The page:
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Details of Grant 

EPSRC Reference: EP/V026690/1
Title: Ultrafast Photochemical Dynamics in Complex Environments
Principal Investigator: Orr-Ewing, Professor A
Other Investigators:
Oliver, Dr T Worth, Professor GA Marangos, Professor J
Brouard, Professor M Fielding, Professor H Vallance, Professor C
Curchod, Dr B
Researcher Co-Investigators:
Project Partners:
Department: Chemistry
Organisation: University of Bristol
Scheme: Programme Grants
Starts: 01 September 2021 Ends: 31 August 2027 Value (£): 8,055,186
EPSRC Research Topic Classifications:
Gas & Solution Phase Reactions
EPSRC Industrial Sector Classifications:
No relevance to Underpinning Sectors
Related Grants:
Panel History:
Panel DatePanel NameOutcome
16 Feb 2021 EPSRC Physical Sciences Programme Grant Interviews Feb 2021 Announced
Summary on Grant Application Form
Sunlight powers many vital processes on Earth such as the growth of plants and the cleansing of pollutants from the atmosphere. Ultraviolet (UV) and visible wavelengths of the sunlight are absorbed by molecules which use the energy gained to drive chemical reactions, a process known more generally as photochemistry. This absorption of light changes the way the electrons are distributed within molecules, in turn affecting the chemical bonds which connect the atoms and determine the structure of the molecule. Photochemistry is therefore an effective way to initiate structural and chemical change and has the potential to be more sustainable than alternative ways to activate reactions, either by heating or by using a catalyst containing scarce and expensive elements. Nature has harnessed the benefits of photochemistry in many ways, including vision, photosynthesis and photomorphogenesis (the response of plant growth to light). Human technology is increasingly exploiting the energy of sunlight, for example to generate electricity in solar cells or to split water into oxygen and hydrogen for use as alternatives to fossil fuels.

In a photochemical reaction, structural changes occur on very fast timescales. The initial electronic reorganization occurs in less than a thousand trillionth of a second, known as a femtosecond. This timescale is far shorter than anything in our everyday experiences: there are as many femtoseconds in a second as there are seconds in 30 million years. As the electrons change their arrangements in a molecule, some of the chemical bonds weaken or break and the molecule starts to change shape. These structural changes corresponding to movement of the constituent atoms are known as the nuclear dynamics (because the atomic nuclei move) and are slower than the motions of the electrons because of the much larger masses of the nuclei. Nevertheless, these structural changes can take place on timescales of tens or hundreds of femtoseconds - the so-called "ultrafast" timescale. Modern experimental techniques using lasers that generate pulses of light a few tens of femtoseconds long allow us to observe these nuclear dynamics as they happen, thereby providing extraordinary insights about how molecules respond when they absorb light. Accurate computer simulations of the complex dynamics of the molecules are now also becoming feasible but are made difficult by the quantum mechanical behaviour of the electrons and the nuclei as they move.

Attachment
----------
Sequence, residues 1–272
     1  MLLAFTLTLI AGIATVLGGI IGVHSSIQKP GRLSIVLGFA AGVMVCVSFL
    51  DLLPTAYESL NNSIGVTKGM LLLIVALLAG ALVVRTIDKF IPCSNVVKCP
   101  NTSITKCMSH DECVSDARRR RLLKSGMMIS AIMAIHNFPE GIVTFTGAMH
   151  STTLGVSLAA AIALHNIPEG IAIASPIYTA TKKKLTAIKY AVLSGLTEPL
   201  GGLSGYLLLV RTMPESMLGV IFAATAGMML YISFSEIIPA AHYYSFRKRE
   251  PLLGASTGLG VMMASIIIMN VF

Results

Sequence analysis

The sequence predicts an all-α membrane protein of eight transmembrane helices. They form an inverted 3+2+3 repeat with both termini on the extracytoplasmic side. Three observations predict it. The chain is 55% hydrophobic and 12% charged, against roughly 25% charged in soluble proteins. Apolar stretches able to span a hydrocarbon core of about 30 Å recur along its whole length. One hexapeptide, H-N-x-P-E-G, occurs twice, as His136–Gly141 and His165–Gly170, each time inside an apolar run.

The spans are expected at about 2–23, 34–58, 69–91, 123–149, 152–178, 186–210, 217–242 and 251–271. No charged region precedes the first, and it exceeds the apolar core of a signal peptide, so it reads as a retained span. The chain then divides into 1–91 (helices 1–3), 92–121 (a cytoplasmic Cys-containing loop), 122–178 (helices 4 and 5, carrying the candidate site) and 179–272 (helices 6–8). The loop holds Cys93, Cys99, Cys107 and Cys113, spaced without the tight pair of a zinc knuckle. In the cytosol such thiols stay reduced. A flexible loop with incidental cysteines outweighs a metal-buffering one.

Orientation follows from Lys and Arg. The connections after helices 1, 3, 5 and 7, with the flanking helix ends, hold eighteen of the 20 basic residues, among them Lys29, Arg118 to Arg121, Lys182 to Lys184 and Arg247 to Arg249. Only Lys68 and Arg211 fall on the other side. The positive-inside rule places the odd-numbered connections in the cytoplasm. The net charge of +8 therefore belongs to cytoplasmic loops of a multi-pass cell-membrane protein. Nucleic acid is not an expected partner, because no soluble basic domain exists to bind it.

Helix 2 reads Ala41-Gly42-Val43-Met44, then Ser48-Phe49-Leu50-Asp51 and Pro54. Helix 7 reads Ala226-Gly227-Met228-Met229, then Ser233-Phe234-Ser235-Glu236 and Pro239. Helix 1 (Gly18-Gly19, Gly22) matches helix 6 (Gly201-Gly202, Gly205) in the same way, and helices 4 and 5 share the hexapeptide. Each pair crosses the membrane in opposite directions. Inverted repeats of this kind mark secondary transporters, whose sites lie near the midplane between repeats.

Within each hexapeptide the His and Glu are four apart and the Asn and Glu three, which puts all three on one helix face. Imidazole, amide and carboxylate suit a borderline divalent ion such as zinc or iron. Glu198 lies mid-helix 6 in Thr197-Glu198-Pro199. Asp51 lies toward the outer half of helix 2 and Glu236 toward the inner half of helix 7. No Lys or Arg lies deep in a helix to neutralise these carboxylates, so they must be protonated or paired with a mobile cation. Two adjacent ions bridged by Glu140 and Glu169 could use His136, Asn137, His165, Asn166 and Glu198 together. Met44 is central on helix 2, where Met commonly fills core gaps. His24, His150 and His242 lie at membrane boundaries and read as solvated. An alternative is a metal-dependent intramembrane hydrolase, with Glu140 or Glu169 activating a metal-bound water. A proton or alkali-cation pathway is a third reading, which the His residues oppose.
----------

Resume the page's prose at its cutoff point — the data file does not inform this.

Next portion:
In this programme, we will combine cutting-edge experimental and computational research methods to unravel how molecules undergo chemical changes activated by absorption of light. The array of complementary methods we will apply offers unprecedented insights. The changes that occur are heavily influenced by the environment surrounding a molecule, such as a liquid solvent (e.g. water) or a protein in a biological system. This environment can restrict the motions of the molecule and can drain away the energy provided by the absorbed light, dissipating it as heat. We will explore how a range of different environments influence photochemical pathways for different types of molecules, and we will measure how quickly the injected energy flows out to the surroundings. We will use this new knowledge to tackle two major questions of wider importance. The first concerns how a protein called UVR8 regulates the way that plants respond to sunlight, for example by seedling growth or flowering. The second addresses the way that aerosol particles containing organic molecules grow in the Earth's atmosphere, with consequences for the formation of clouds (in turn affecting the Earth's climate), reduction in air quality in cities, and deleterious effects on human health by particle inhalation. There will be further benefits to many other fields of research including solar energy conversion and sustainable synthesis of fine chemicals, pharmaceuticals, agrochemicals, and polymers.

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Organisation Website: http://www.bris.ac.uk